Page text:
(Virtual) Wednesday Seminar: New Speakers in Norway: Zooming in and zooming out on the use of Russian
Olga Solovova (Marie Skłodowska-Curie Fellow, MultiLing) will discuss preliminary findings of her MSCA project "New Speakers in Northern Norway."
New Speakers in Northern Norway: zooming in and out on the use of Russian
This seminar will outline some preliminary findings of the MSCA research project “New Speakers in Northern Norway” (2018-2020) that looked into the use of Russian language in the tripartite borderland between Norway, Finland and Russia. Departing from the concept of “new speakers” (Robert 2009; O’Rourke and Ramallo 2011), the presentation will address the extent to which the different categories of new speakers have become reflected in the research project data. Used “as a lens through which to look specifically at speakers themselves, their trajectories and experiences” (Pujolar and O’Rourke 2018:13), the concept helps focus on how the use of written and spoken Russian gets inscribed into the landscape, history, geopolitics and political economy of the multilingual region. Language choices and educational opportunities, identity challenges and imaginations for the future, shared in research participants’ diaries, portraits and interviews, are all shaped by the symbolic or geographical proximity of the border. As we zoom in and out of the borderland map, we may begin to grasp how community belonging and repertoires can be experienced in more ‘liquid’ ways, in a Baumanian sense.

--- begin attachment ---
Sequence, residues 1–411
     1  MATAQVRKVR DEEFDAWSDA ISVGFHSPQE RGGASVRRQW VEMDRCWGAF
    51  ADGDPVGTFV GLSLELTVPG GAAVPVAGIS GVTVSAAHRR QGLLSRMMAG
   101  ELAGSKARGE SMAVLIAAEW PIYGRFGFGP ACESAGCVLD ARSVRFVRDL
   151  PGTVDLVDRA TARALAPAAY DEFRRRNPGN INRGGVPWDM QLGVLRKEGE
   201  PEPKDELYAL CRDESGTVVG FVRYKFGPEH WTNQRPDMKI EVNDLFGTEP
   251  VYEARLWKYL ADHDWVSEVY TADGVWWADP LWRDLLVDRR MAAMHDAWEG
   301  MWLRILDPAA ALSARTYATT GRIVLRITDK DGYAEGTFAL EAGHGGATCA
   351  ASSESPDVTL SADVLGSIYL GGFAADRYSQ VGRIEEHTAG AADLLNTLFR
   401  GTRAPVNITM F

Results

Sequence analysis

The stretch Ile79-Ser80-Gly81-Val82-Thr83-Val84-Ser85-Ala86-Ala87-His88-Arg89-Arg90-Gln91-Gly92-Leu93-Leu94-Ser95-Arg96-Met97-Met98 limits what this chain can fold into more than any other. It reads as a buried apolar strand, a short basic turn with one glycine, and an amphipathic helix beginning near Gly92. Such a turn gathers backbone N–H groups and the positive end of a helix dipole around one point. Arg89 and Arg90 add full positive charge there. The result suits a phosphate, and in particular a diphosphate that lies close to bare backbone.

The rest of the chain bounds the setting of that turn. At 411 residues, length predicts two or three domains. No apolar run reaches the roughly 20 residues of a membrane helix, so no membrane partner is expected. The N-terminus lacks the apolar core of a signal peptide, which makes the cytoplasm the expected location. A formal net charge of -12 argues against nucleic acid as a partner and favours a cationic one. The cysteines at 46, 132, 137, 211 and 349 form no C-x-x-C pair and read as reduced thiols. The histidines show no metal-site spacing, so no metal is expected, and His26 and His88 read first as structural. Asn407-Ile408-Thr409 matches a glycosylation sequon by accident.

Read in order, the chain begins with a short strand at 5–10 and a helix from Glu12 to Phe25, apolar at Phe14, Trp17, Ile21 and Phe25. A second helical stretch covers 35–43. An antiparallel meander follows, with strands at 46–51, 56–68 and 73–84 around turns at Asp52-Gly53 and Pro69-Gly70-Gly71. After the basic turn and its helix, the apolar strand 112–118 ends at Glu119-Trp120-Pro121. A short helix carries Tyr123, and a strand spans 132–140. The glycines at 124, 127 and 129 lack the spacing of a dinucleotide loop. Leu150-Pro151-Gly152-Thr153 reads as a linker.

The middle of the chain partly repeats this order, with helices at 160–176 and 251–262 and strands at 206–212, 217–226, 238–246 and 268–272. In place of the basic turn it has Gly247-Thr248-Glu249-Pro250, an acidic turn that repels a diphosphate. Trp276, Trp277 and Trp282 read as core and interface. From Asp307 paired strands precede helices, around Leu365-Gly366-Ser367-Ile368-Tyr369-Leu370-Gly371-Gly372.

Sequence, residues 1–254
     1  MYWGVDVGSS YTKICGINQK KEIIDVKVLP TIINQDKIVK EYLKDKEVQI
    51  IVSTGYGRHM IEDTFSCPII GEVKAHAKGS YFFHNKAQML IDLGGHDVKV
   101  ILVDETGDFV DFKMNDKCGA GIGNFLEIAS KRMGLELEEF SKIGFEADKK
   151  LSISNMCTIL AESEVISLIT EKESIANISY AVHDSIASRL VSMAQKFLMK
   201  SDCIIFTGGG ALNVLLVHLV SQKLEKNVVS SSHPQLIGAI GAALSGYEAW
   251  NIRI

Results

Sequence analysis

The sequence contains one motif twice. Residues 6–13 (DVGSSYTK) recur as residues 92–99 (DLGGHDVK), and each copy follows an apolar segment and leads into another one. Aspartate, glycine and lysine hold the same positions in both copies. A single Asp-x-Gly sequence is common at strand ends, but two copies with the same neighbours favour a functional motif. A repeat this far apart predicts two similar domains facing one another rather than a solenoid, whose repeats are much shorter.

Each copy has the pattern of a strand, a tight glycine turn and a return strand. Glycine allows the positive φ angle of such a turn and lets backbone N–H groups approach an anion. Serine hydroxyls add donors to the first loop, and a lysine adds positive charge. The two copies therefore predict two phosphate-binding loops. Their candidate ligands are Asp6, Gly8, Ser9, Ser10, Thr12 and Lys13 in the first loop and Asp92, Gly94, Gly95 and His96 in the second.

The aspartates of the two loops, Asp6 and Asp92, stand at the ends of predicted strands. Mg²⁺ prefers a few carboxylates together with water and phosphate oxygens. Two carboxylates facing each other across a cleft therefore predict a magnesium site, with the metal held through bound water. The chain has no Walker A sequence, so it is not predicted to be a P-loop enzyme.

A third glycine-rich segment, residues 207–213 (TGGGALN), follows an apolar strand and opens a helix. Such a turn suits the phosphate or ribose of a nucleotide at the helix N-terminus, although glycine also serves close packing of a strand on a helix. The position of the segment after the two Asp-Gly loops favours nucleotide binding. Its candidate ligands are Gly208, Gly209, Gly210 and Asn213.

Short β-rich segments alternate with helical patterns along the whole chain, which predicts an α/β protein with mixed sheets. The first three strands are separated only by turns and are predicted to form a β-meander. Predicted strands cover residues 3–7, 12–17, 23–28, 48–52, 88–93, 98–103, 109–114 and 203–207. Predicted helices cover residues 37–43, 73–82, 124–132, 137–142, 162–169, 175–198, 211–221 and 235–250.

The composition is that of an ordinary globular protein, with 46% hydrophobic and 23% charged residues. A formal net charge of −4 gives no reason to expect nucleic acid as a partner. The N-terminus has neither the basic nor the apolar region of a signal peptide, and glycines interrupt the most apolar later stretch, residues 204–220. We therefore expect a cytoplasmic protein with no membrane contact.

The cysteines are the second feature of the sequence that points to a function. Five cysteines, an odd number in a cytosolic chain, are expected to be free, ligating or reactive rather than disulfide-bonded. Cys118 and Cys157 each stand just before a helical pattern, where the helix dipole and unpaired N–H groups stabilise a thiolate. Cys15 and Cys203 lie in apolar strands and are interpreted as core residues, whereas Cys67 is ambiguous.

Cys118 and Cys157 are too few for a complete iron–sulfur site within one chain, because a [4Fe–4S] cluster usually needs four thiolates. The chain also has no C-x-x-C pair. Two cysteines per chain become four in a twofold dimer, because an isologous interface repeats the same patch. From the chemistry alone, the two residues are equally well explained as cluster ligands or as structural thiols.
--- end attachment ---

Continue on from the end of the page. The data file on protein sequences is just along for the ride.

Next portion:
O’Rourke, B. & Ramallo, F., 2011. ’The native-non-native dichotomy in minority language contexts: Comparisons between Irish and Galician. Language Problems and Language Planning., 35 (2), pp.139–159.
Pujolar, J. & O’Rourke, B., 2018. Position paper: The debates on "new speakers" and “non-native” speakers as symptoms of late modern anxieties over linguistic ownership.
Robert, E., 2009. Accommodating “new” speakers? An attitudinal investigation of L2 speakers of Welsh in south-east Wales. International Journal of the Sociology of Language, 2009 (195), pp.93–115.